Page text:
Ernst & Young estimates that 104 million or so new cars are expected to have some form of connectivity by 2025. That’s good news for the large percentage (46%, according to Gartner) of today’s consumers who want their cars connected so they can safely access inside their car the applications they enjoy on their smartphone.
That desire for smartphone-like connectivity in cars extends to automatic or on-demand updates of in-car apps as those updates become available. Receiving accurate and up-to-date information on the drivability of their car – maintenance scheduling, recalls, etc. – is an extra benefit that consumers will, chances are, learn to rely upon.
Exploring the Future of In-Car Personalization and Mobile Interior Imaging Technology
As vehicles become an integral part of the Internet of Things, Ford and Intel are researching new opportunities for the connected car, including giving drivers the ability to remotely peer into their car using a smartphone, or a vehicle that could identify its owner using facial recognition software.
The joint research project, called Mobile Interior Imaging, or Project Mobii, explores how interior-facing cameras could be integrated with sensor technology and data already generated within and around the vehicle to create a more personalized and seamless interaction between driver and vehicle that transforms the driving experience.
Hyundai’s cloud-based Blue Link platform makes features like remote start and service information accessible through new devices like Google Glass.
Wearable devices will help owners save time and add a new level of convenience by allowing remote interaction with the vehicle without the need to pull out their smartphone. Hyundai plans to launch a Blue Link Glassware application next year with the all-new 2015 Genesis sedan.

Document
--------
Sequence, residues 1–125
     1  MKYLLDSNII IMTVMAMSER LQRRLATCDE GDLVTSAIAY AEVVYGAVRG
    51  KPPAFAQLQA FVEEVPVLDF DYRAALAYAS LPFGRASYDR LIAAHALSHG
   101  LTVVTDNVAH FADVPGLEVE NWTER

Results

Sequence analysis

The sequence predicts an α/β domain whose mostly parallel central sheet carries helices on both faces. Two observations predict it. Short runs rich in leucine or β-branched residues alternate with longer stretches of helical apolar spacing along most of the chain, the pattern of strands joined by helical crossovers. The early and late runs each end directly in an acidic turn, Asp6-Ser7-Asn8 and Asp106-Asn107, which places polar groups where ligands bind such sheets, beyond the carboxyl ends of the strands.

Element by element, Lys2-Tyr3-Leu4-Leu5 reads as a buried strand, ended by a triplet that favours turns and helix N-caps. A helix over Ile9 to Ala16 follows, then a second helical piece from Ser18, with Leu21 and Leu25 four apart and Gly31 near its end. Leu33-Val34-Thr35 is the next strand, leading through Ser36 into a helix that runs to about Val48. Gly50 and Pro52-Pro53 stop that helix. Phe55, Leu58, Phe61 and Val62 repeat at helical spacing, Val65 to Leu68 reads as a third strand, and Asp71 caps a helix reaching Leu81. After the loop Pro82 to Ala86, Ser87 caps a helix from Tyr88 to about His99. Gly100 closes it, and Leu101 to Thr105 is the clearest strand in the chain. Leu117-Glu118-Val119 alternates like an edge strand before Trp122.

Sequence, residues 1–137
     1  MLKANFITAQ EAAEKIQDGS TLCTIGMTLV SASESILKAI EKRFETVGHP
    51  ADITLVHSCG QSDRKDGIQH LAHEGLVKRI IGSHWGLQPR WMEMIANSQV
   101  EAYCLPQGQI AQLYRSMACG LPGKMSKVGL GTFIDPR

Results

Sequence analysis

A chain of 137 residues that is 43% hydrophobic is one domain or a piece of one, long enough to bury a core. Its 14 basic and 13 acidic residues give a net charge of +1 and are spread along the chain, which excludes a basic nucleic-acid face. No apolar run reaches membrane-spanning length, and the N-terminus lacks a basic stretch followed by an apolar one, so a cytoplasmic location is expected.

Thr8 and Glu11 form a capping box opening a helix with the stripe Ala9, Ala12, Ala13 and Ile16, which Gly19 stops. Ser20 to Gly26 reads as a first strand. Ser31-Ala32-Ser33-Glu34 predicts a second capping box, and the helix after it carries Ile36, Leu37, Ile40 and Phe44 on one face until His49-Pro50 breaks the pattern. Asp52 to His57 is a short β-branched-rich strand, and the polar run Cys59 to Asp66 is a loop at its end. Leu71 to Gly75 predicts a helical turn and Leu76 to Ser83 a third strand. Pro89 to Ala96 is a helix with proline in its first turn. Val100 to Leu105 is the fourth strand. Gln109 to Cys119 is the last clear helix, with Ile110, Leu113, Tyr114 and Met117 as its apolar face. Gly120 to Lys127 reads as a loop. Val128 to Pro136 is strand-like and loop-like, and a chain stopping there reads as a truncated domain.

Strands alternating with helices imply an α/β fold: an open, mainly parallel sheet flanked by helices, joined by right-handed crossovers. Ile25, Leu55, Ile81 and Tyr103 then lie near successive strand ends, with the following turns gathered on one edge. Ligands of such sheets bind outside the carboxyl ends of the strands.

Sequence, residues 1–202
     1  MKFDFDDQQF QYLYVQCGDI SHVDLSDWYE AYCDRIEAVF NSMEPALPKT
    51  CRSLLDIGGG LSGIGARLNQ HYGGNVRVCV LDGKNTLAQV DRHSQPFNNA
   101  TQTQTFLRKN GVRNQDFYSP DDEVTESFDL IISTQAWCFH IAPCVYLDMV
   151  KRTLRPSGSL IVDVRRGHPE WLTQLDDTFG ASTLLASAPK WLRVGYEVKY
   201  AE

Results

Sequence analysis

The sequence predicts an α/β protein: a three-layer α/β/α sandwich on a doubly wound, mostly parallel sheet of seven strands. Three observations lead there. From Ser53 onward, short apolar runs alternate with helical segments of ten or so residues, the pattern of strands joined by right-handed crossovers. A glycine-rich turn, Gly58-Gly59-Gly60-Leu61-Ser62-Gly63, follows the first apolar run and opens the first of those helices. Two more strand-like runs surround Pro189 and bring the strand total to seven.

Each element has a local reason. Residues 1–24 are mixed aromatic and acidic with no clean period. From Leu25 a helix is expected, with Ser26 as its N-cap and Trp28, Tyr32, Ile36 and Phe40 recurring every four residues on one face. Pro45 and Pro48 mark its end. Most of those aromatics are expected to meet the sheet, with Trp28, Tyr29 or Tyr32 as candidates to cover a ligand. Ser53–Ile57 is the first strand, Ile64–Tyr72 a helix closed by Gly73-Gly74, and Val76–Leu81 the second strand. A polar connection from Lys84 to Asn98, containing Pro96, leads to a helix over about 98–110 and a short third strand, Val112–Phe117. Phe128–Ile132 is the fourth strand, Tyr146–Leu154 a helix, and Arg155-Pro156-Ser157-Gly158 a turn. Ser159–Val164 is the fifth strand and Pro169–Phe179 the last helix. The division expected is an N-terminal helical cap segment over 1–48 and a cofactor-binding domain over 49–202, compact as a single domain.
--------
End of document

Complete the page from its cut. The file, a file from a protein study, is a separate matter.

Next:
More than 20 industry experts will outline their experiences in optimizing vehicle competitiveness, using the latest user data and integrating smartphones with embedded connectivity, at the Smartphone & Embedded Connectivity Vehicle Integration Summit 2014, February 26-27 in San Francisco.
Steffen Neumann, Portfolio Manager App Development Group, Mercedes-Benz R&D North America, will share lessons on overcoming long development cycles to meet customer trends, and will review the latest use cases.
Jake Sigal, CEO of Livio, which was recently acquired by Ford, will speak on overcoming the interoperability challenges faced by app developers, and evaluating customer preferences between smartphones and embedded content.
The firm said its platform offers carriers looking to enter the usage-based insurance market a cost-effective and quick deployment solution, putting telematics within reach of any size carrier to take advantage of this maturing and growing market segment.
Driveway Software said it makes entry to the usage-based insurance market affordable and easy by leveraging the insured’s own smartphone to monitor driving behavior and capture data. With the insured’s driving data and preliminary analytics in hand, combined with SmartUBI’s cloud-based analytics capabilities, carriers are better able to determine individual driver risk scores to help make the most informed risk and premium decisions.